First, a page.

Cooking With Kids on Thanksgiving (Recipes) | Civil Eats

Cooking With Kids on Thanksgiving (Recipes)

Many people consider Thanksgiving a marathon. For my large family, which entertains all year long for the Jewish holidays, it’s more of a brief jog around the block.

When I was a kid, my family of six often cooked and ate meals with my aunt, uncle and my four cousins who lived across the street. In my world, cooking a turkey feast for 20 is called Sunday Dinner. You may think we were a family of trained chefs or, at the very least, had some extra help. But neither was the case. The adults realized early on that they had a crew of sous chefs already in-house. They may be barely three feet tall, but kids are often an incredible source of energy, creativity, and assistance in the kitchen.

People don’t always believe me when I tell them that I teach kids as young as two years old how to cook. Yet, historically, children have participated in many aspects of food preparation from planting and harvesting crops to prepping and cooking multi-course meals. The frustration many modern parents feel during meal time, when their kids reject dinner or won’t come to the table, can often be alleviated by simply including them in the meal preparation process. Kids feel good when they have a job. And they especially love the idea of feeding other people. Cooking together is also an excellent way to expand their palates and expose them to nutritious foods.

Thanksgiving is the perfect time of year to get everyone in the kitchen–even the little ones can be given simple tasks like juicing a lemon or mashing potatoes.

It’s a win-win for everyone. The adults have extra help in the kitchen, kids get to feel important while learning something new, and everyone gets to spend quality time together.

Here are a couple of recipes from my new cookbook, Easy Meals to Cook with Kids, along with instructions on how to include kids of all ages in preparing two tasty appetizers.

Tangy Tzatziki (Cucumber and Yogurt Dip)

If kids can dip it, they’ll eat it! This kid-friendly dish tastes better the longer it marinates, so plan on making it a day or two before your holiday meal. Traditional tzatziki calls for draining the yogurt and cucumber for at least half an hour but this is a much quicker recipe and turns out just as good.

1 cup plain whole milk yogurt or Greek yogurt
½ cup sour cream
½ English cucumber, grated (about 1 cup)
1 tablespoon apple cider vinegar
2 tablespoons freshly squeezed lemon juice (about 1 lemon)
1 tablespoon olive oil
1 teaspoon garlic, minced (about 1 clove)
2 teaspoons fresh dill, chopped (or 1 teaspoon dried)
½ teaspoon kosher salt or sea salt
Freshly ground pepper to taste

KIDS 6 and up: Drain the yogurt of excess liquid by carefully tipping the container
over the sink. Scoop the yogurt into a medium-sized bowl, add the sour cream, and stir.

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KIDS 2 and up: Gather the grated cucumber into your fists and squeeze out as much liquid as you can until it’s drained of moisture. Add the cucumber to the yogurt and sour cream mixture. Stir in the vinegar, lemon juice, olive oil, garlic, dill, salt, and pepper and combine well. Serve immediately at room temperature with Crispy Pita Chips or marinate in the refrigerator for a few hours so that the flavors blend.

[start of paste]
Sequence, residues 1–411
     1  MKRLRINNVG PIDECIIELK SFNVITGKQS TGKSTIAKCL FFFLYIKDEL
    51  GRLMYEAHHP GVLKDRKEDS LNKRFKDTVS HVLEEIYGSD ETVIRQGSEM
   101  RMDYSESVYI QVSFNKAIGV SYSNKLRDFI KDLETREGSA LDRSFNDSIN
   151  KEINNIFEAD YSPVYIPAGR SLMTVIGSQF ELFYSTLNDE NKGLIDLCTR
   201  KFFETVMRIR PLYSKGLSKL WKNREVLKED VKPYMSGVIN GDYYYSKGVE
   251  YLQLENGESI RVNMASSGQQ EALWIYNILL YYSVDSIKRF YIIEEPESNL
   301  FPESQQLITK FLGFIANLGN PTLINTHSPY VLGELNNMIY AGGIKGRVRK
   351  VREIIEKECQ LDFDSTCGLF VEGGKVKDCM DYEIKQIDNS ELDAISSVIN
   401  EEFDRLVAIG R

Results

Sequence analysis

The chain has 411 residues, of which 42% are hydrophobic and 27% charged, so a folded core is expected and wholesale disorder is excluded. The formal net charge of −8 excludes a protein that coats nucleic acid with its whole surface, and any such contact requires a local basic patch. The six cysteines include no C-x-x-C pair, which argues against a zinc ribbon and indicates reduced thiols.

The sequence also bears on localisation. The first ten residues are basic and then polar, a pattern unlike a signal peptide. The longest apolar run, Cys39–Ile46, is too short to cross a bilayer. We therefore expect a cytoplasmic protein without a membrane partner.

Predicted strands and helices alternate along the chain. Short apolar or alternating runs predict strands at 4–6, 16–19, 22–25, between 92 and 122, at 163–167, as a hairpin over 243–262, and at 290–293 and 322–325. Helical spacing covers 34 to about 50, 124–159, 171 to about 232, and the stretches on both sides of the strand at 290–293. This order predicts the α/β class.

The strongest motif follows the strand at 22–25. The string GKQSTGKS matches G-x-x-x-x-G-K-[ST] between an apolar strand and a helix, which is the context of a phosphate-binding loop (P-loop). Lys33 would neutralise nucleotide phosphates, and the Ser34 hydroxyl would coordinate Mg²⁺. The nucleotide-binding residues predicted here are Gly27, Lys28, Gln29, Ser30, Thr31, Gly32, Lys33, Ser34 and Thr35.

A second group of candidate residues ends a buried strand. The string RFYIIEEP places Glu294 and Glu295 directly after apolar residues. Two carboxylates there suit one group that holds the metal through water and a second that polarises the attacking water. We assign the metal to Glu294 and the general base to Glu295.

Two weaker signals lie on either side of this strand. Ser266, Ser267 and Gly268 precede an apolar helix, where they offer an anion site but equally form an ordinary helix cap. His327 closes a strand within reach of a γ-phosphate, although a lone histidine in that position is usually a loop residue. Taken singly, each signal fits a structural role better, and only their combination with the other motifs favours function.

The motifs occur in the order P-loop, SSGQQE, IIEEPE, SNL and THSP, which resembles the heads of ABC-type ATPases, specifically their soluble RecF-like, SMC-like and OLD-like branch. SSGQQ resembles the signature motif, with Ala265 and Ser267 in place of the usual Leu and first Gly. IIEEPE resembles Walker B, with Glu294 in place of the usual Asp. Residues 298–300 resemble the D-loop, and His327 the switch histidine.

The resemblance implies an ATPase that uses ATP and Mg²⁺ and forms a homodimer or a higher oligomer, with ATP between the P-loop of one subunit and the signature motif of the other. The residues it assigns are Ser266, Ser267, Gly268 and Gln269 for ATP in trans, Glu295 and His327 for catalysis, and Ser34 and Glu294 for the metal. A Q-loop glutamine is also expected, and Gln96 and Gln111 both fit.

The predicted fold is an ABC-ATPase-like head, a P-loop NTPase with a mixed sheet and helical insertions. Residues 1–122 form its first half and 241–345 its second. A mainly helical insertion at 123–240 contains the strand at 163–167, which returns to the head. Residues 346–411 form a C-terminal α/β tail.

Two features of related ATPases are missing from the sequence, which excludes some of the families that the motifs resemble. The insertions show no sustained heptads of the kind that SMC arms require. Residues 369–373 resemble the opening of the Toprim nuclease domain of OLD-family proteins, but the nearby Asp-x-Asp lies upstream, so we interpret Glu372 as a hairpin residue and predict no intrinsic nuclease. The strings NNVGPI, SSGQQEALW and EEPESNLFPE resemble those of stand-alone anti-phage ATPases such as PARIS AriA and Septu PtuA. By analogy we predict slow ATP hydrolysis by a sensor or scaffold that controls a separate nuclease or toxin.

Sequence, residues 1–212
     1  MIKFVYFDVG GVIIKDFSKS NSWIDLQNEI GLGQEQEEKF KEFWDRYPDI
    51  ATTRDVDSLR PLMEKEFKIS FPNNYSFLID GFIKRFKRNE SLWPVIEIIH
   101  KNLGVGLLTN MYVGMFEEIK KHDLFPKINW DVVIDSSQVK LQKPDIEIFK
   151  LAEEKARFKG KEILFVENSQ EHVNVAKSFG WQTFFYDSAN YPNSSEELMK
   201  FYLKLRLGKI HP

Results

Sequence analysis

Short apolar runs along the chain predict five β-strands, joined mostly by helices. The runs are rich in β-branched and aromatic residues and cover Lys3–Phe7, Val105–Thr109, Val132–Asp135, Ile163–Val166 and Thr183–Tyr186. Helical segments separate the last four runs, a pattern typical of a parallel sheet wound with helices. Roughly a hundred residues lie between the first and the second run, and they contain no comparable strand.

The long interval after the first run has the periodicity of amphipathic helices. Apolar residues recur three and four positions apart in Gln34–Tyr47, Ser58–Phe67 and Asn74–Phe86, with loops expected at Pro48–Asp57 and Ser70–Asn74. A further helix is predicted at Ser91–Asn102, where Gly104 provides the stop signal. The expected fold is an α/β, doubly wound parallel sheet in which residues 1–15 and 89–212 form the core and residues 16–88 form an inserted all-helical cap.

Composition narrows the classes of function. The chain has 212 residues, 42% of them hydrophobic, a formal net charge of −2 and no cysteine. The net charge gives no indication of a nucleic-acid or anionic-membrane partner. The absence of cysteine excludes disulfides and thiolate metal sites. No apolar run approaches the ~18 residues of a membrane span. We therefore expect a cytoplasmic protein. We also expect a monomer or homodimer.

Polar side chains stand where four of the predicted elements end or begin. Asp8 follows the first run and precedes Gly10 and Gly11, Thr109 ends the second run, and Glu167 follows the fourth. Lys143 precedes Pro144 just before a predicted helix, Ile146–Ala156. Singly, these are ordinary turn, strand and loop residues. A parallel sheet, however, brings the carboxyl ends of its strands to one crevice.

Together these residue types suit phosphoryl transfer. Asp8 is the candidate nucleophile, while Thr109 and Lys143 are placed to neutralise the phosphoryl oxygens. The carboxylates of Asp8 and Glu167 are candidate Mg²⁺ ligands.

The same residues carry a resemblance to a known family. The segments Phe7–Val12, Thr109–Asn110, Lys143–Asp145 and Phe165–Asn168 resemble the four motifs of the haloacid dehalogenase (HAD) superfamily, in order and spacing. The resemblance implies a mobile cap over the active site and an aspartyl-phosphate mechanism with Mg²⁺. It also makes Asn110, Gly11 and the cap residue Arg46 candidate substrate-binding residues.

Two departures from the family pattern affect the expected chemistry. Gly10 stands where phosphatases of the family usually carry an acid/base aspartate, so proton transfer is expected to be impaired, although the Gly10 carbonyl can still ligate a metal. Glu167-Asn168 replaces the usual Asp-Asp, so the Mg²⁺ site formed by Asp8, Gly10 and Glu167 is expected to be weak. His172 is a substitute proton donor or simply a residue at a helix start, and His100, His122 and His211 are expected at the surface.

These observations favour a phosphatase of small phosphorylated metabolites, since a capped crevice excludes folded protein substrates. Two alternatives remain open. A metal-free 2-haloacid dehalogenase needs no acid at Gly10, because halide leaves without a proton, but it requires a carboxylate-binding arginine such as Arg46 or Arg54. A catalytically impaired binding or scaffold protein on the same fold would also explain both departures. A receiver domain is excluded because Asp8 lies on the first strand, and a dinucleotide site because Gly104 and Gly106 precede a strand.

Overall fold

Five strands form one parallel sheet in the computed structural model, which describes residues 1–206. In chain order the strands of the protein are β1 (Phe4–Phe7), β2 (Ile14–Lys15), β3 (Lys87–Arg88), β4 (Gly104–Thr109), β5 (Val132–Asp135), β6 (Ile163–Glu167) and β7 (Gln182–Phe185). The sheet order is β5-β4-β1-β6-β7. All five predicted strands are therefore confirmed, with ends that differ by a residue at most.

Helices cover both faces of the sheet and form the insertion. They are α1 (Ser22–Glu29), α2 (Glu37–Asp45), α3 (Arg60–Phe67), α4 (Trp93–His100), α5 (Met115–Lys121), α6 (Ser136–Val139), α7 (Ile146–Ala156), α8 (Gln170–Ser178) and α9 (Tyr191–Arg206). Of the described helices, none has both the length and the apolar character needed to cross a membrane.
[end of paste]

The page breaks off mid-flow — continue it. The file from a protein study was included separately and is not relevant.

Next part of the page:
Prep time: 20 minutes Total time: 20 minutes
Yields: 2 cups
Recipe from Easy Meals to Cook with Kids by Julie Negrin © 2010

Crispy Pita Chips

2 whole-wheat or white pita pockets
3 tablespoons olive oil
Kosher salt or sea salt to taste
Optional: minced garlic or dried herbs such as oregano, basil, parsley

ADULTS: Preheat the oven to 350ºF degrees.

KIDS 8 and up: On a cutting board, carefully slice each pita into eight triangle-shapes with a pizza cutter or a knife. Pull each triangle in half so that one pita pocket will yield a total of 16 pieces. Lay the pita pieces close together on a greased baking sheet (or one lined with parchment paper). Pour the olive oil into a small bowl.

KIDS 2 and up: Brush each piece of pita generously with olive oil using a pastry brush. Sprinkle with salt (and herbs and garlic, if using).

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ADULTS: Bake the chips for 12-14 minutes, or until crispy and golden-brown around the edges. Store the pita chips in a sealed container or bag at room temperature for up to 4 days.

Prep time: 10 minutes Total time: 25 minutes
Yields: 32 chips
Recipe from Easy Meals to Cook with Kids by Julie Negrin © 2010

Julie Negrin, MS, CN is a nutritionist, cooking instructor, and the author of Easy Meals to Cook with Kids. She has been teaching adults and kids how to cook for over twelve years and writes about how to cook simple meals with real foods on her blog, My Kitchen Nutrition. Read more >

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Join the conversation.

  1. I LOVE that you're not just reluctantly allowing the kids to help but are actually utilizing them in the kitchen! Those pita chips look divine.
  2. That is a great tip, too many people don't make cooking 'fun' so children have zero interest in it. So instead of forcing your kids to help out why not make the effort to make it fun so that your kids will want to help out? Seems like a win-win situation to me!
  3. I love your view on kids cooking in the kitchen. My kids are involved growing herbs, fruit and vegetables and then helping to prepare food. Sometimes we end up in chaos but most of the time it works out.
  4. We are excited to share these simple and fun ways to get little ones excited about trying new foods! 

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